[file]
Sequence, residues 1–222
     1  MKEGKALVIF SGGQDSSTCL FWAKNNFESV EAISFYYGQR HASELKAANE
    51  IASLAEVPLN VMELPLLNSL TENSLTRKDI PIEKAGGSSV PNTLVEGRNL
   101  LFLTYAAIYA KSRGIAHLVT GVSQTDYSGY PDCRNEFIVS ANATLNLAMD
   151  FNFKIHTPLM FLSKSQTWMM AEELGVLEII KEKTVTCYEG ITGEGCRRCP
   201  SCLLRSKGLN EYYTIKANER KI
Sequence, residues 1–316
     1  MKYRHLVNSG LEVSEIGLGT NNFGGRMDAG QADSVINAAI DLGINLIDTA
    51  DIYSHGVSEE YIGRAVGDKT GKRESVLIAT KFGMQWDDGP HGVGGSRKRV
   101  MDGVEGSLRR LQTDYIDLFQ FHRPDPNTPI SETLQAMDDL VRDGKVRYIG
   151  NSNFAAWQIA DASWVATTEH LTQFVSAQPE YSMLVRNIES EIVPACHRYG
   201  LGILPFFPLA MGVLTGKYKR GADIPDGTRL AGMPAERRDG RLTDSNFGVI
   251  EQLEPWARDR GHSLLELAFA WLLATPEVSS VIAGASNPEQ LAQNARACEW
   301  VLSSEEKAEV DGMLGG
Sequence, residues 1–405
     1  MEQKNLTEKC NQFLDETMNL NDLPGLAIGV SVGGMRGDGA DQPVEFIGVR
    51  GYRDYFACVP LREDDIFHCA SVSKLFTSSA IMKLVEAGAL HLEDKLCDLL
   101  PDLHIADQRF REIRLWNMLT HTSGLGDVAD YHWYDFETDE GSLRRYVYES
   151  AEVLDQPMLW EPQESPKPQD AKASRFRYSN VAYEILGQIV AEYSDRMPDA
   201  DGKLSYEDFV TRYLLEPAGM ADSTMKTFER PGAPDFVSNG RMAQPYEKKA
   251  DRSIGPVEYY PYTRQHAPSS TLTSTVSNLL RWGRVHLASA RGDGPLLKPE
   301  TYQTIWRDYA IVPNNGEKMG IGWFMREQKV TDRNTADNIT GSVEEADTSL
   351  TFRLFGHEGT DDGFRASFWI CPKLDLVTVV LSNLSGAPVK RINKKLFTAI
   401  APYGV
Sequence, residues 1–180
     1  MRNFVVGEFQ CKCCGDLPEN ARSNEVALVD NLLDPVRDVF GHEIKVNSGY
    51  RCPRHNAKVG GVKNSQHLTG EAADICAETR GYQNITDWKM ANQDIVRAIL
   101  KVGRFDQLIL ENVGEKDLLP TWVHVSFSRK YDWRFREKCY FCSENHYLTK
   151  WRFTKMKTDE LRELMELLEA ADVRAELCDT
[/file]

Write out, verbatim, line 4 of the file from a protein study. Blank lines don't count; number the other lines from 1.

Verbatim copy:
   101  LFLTYAAIYA KSRGIAHLVT GVSQTDYSGY PDCRNEFIVS ANATLNLAMD